UNICO is based on, and thrives upon, the sharing of ideas within the profession. We believe that the UNICO Practical Guides, and this chapter, are the latest tangible example of this. We thank everyone who has contributed to them, and we thank you for taking the time to read and use them.

Box 1: Sample option Agreement

Box 1: Sample option Agreement

Box 1: Sample option Agreement

Box 2: Sample Software evaluation Agreement

Box 2: Sample Software evaluation Agreement

Box 2: Sample Software evaluation Agreement

Box 2: Sample Software evaluation Agreement

Box 3: Sample pipeline Agreement

Box 3: Sample pipeline Agreement

Box 3: Sample pipeline Agreement

Box 3: Sample pipeline Agreement

Box 3: Sample pipeline Agreement

Box 3: Sample pipeline Agreement

Box 3: Sample pipeline Agreement

Box 3: Sample pipeline Agreement

Box 3: Sample pipeline Agreement

Box 3: Sample pipeline Agreement

Box 3: Sample pipeline Agreement

Box 3: Sample pipeline Agreement

Box 3: Sample pipeline Agreement

Box 3: Sample pipeline Agreement

Box 4: examples of options, Rights of first Refusal (and Similar provisions)

Box 4: examples of options, Rights of first Refusal (and Similar provisions)

Box 4: examples of options, Rights of first Refusal (and Similar provisions)

TABLE 1: CHECKLIST OF PRELIMINARY ISSUES AND CONSIDERATIONS COMMONLY FOUND IN OPTION AGREEMENTS

CLAUSES

CONSIDERATIONS

PRELIMINARY

 

Parties

Are the parties the correct ones? For example, in a pipeline, the parties should comprise the technology transfer office/department of the university, the spinout company, and the founder academics

 

Have their correct legal names and addresses been included?

Authorized signatory

Does the option need to be signed by a central part of the organization, for example, a technology transfer office?

 

Do you need to remind the other party about their authorized signatory?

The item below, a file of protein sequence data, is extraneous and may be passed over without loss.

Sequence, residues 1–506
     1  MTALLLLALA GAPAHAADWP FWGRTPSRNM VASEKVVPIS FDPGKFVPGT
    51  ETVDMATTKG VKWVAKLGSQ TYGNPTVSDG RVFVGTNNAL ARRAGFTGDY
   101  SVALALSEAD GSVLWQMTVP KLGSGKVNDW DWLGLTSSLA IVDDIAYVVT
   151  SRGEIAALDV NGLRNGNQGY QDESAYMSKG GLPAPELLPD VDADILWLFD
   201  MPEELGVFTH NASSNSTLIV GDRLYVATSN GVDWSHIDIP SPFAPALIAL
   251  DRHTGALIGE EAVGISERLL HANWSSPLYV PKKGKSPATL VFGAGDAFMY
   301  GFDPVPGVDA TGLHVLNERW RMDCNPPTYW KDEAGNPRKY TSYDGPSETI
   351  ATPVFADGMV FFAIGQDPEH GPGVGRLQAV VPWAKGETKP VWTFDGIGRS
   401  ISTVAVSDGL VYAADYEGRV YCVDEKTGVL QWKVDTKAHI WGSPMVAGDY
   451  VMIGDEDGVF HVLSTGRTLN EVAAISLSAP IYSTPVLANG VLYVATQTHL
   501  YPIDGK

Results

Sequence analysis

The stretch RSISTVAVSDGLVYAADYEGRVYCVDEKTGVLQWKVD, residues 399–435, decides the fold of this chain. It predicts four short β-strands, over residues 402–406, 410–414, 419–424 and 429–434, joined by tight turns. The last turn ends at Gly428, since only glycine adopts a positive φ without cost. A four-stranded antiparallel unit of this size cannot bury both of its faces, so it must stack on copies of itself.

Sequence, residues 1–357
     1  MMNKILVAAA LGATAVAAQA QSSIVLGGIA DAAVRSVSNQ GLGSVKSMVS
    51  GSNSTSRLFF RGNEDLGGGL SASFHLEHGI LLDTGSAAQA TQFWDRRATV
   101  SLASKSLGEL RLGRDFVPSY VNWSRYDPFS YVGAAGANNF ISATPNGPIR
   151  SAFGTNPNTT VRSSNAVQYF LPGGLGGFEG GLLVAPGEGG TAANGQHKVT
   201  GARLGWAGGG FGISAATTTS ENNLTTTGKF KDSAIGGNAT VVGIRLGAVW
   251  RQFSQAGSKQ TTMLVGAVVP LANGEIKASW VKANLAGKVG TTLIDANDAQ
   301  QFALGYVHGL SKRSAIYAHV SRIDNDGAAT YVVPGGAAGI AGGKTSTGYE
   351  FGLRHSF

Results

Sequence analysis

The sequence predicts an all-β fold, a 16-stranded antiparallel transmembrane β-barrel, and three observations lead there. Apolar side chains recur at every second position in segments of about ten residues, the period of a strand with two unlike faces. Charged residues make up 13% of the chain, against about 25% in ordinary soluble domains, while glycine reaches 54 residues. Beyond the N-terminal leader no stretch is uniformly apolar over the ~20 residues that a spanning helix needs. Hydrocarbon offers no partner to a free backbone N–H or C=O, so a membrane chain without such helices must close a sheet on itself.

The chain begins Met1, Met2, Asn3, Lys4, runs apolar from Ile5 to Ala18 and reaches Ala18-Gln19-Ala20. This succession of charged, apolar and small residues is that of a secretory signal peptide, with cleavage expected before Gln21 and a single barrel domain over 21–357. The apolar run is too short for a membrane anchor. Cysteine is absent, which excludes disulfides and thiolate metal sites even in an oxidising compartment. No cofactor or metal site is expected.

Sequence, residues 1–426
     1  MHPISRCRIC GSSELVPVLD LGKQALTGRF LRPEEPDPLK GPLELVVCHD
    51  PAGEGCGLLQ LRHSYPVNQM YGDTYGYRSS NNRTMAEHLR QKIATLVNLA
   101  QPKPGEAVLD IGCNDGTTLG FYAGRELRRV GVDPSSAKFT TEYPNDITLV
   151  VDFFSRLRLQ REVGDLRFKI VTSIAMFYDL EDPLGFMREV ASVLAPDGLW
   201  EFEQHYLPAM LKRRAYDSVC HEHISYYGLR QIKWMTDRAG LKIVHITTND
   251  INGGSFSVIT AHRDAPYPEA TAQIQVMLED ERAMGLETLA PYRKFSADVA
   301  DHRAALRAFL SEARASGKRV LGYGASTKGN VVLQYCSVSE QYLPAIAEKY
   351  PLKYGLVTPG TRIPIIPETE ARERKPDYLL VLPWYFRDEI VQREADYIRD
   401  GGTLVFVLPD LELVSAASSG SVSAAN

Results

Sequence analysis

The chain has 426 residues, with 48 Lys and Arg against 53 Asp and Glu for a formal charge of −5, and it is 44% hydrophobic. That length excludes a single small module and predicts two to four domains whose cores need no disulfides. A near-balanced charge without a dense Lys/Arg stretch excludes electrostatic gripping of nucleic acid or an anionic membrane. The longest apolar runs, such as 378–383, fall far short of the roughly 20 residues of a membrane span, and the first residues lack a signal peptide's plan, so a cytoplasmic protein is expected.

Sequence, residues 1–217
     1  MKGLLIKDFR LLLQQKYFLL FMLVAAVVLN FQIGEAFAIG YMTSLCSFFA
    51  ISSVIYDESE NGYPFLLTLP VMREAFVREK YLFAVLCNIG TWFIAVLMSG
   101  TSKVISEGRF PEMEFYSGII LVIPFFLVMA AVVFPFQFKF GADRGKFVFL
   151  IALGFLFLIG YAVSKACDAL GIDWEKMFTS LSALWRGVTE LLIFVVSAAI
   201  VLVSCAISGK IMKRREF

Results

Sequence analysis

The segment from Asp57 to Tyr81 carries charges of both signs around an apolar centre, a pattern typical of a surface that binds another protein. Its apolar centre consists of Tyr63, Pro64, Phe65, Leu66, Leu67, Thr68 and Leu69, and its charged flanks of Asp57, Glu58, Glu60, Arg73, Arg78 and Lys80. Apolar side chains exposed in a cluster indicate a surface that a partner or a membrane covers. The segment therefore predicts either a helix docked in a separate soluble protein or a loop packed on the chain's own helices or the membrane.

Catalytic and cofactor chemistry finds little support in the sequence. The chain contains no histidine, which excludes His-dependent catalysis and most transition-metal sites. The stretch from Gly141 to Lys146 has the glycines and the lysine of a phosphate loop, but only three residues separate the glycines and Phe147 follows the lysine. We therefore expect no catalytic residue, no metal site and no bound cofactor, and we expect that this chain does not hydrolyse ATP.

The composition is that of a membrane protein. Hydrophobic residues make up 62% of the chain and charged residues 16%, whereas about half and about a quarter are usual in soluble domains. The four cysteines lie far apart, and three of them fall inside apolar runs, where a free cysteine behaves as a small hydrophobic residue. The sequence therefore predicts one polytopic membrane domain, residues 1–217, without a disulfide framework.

Are materials or software are under evaluation

Have the materials/software and intended uses been correctly identified?

Have the materials/software been adequately described?

THE OPTION AGREEMENT

 

Recitals

Is it useful/appropriate to cross-refer to a parallel agreement (for example, a research collaboration agreement, in the case of a pipeline)?

Check the terms of the other agreement to ensure no conflicts exist.

Is there anything in the recitals that should really be in the body of the contract? (Recitals may not be legally binding.)

CONTRACT TERMS

 

Date of the agreement

This is the date when the option is signed. The official/legal date will be the date when the last party signs, and this should be the date entered onto any contracts database.

 

Do the parties want to have a particular date from which the agreement is effective? If so, agree and define an “Effective Date” or “Commencement Date” to be used as the starting point of any option period. It is bad practice to try and backdate an agreement by entering a prior date in the signature block.

Term

  • Does the agreement specify a time period?
  • Should it?
  • Are there any obligations (for example, return of materials/software) when the term ends?
  • Is there any obligation to seek to renew the option (for example, three months) prior to expiry?
  • Are there any confidentiality obligations that extend beyond the term?
  • Should termination provisions be included?

Meaning of the rights that would be subject to the option:

  • Would all the intellectual property arising from a particular research project be covered?
  • Should only certain intellectual property be covered (for example, within a defined field—or that related to materials that have been provided for evaluation)?

What exactly is the option for?

  • to negotiate a further agreement
  • to evaluate materials/products
  • to obtain a product, material or right
  • to enter into an agreement on set terms

How will payment (option fee) be handled?

  • Is the option fee separate to any other payments being made under the agreement by the person being granted the option?
  • If it is a separate payment, when is it to be paid? Upon signing the agreement, or upon exercise of the option?
  • What is the method of payment? By check or by direct transfer?

When is the option exercised?

  • a set number of days from the date of the agreement?
  • on the occurrence of a particular event or result (“trigger event”), such as

    - a patent is filed

    - an invention is made or new or improved technology or intellectual property is created resulting from, for example, research work

    - a proof of concept is shown

    - software development reaches beta stage

    - another specified event

  • at any time during the existence of the option agreement (or the agreement in which the option is incorporated)